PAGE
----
Few weeks ago, I wrote about my daughter Star's nosebleeding episode. It's been over a month now that she's nosebleeding almost daily, sometimes up to three times a day. At the time I wrote that entry, we were still waiting for the results of her bloodtests. When we finally got the results, the hematologist said there was nothing to worry about. While a bit anemic, her blood seemed to be okey. What a relief!
But our relief, it turned out was shortlived. When the bleeding continued, we decided to seek another opinion. We felt that even though the ENT and the first hematologist both said there was nothing to worry about, daily episodes of bleeding for a month by now is not normal. Star's pediatrician also thought so and so she asked us to see another hematologist -- Dr. Mary Chua, the founder of the Hemophilia Association of the Philippines.
Earlier on, as I mentioned, I already had apprehensions about the nosebleeding. My mother died of profuse bleeding while undergoing operation for mayoma, an otherwise common condition. We were told she had infantile genes that made it difficult to stop her bleeding. She died on the operating table. She was 51 at the time of her death, leaving us all six siblings in our teens and early 20s motherless.
My eldest sister had profuse bleeding during her first childbirth and almost died. My other older sister has very heavy menstrual bleeding since adolescence. Our uncle (my mother's brother) almost died of bleeding while undergoing tonsilectomy. In my father's side, one of my nephews (by my first cousin) has hemophilia. This bleeding problem in our family, I now figured out, could also explain why all my three kids were born prematurely.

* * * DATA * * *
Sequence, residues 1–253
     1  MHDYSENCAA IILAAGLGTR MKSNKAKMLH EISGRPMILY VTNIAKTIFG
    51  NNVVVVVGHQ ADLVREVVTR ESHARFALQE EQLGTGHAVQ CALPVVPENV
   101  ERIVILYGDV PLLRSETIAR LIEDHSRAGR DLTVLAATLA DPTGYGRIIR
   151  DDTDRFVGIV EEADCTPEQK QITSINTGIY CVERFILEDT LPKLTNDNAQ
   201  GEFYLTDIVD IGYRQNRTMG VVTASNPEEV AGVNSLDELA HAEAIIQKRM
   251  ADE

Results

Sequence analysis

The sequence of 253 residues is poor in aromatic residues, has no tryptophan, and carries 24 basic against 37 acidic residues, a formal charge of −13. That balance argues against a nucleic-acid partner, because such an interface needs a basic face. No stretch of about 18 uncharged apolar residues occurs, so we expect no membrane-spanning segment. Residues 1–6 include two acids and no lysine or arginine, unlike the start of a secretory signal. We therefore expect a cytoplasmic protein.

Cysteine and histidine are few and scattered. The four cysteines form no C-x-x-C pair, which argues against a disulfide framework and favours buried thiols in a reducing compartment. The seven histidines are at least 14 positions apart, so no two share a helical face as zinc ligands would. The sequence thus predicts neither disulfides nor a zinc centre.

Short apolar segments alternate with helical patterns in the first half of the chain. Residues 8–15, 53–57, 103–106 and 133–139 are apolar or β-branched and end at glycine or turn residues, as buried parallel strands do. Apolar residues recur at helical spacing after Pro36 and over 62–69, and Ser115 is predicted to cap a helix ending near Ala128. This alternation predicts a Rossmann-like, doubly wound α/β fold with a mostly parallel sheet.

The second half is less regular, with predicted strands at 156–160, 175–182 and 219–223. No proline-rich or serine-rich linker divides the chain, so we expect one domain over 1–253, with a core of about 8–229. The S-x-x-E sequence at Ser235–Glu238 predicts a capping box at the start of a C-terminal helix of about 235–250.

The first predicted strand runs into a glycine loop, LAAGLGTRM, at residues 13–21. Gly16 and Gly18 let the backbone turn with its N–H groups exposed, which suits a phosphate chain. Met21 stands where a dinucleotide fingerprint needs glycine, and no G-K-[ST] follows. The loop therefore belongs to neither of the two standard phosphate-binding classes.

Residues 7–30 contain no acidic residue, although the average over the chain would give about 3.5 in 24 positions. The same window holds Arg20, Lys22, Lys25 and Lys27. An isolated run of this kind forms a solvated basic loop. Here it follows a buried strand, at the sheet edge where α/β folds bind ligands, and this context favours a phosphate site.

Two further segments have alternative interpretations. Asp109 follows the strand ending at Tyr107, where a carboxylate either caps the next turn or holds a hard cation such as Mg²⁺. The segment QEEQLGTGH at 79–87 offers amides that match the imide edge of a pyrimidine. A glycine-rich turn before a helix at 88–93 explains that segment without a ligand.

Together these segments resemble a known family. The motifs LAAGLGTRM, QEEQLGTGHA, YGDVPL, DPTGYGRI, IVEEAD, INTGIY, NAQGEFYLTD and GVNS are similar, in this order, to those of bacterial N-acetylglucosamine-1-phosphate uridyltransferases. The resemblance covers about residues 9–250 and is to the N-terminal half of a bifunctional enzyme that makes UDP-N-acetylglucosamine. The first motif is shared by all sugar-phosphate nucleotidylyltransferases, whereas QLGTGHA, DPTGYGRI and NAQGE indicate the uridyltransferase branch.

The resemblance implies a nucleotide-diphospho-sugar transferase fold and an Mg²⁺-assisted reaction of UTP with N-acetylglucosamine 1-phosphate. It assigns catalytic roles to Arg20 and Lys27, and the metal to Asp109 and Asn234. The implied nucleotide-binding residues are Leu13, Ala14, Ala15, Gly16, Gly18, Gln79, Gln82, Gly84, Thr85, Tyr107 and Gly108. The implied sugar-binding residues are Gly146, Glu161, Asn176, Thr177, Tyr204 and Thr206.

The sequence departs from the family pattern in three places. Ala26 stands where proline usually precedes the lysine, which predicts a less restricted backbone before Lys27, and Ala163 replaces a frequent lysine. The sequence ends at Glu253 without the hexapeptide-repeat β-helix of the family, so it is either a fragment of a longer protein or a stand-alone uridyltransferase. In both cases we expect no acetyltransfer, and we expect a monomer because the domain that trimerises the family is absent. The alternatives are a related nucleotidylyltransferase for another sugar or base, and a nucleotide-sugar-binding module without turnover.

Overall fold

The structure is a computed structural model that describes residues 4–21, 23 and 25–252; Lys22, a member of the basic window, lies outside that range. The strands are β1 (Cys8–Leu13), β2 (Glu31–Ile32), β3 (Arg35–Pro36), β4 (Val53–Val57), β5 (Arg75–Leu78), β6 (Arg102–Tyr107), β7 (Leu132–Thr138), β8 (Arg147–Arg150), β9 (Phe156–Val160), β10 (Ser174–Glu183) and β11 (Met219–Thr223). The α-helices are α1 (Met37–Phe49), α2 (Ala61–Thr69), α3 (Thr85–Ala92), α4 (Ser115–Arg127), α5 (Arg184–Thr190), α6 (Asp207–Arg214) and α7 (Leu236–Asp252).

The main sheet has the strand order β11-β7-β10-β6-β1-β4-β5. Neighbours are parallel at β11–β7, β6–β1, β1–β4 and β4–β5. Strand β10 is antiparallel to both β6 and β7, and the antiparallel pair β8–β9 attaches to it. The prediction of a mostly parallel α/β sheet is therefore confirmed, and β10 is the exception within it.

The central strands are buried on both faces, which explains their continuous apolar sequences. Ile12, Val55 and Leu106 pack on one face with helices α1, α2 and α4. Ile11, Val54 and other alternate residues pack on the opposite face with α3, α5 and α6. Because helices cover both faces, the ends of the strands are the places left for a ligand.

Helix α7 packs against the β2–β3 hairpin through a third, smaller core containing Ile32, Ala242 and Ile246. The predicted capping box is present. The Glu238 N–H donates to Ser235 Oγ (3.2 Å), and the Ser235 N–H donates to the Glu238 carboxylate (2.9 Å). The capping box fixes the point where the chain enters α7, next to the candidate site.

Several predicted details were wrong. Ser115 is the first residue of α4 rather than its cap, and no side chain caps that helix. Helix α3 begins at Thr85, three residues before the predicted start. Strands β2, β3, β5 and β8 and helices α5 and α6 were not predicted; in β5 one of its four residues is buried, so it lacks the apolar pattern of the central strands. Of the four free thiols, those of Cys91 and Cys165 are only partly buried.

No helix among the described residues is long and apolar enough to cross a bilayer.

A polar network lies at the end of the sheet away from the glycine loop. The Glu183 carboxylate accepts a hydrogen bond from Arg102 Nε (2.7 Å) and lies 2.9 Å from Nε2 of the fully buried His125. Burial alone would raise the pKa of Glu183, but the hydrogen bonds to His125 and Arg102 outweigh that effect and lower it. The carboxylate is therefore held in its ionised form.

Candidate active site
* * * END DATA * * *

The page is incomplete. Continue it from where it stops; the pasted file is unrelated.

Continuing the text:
All these factors, it turned out, make Star a candidate for von Willebrand disease. While a common kind of blood disorder with about the same prevalence as hemophilia, it occurs to only about 1% to 3% of the population. Most of the time, it is hereditary. Unfortunately, were told, there is no hospital or medical facility yet in the country capable of detecting this. The doctor advised us to bring Star to Hongkong or Singapore so she can be properly diagnosed and given the right intervention.
In our bible study group, I shared with my cellmates what I always tell God when I encounter difficulties. After I pray, I say, "God, it's not my problem anymore. It's Your problem now." Then, I sit back and just wait upon Him.
And truly, when we wait in confidence for Him to work things out for us, we will be amazed by what He does.
I really don't know why we are going through this now. But one thing is for sure, all things work together for the good of those who love God, who are called according to His purpose.
Upon the suggestion of a friend, we started an email brigade for Star, urging help of any form -- foremost for prayers, then referrals, spare dollars, etc. For instance, we learned that Mabuhay Miles can be given away. Or for those who have a spare dollar or, they can probably send it. We are just so overwhelmed with the response. Love, prayers and help have been pouring in since the first hour that I sent the email, even from people we don't personally know. Friends of friends (who got forwarded emails from friends) texted and emailed to ask how they could send help for Star. God is truly amazing! May God bless them a thousandfold.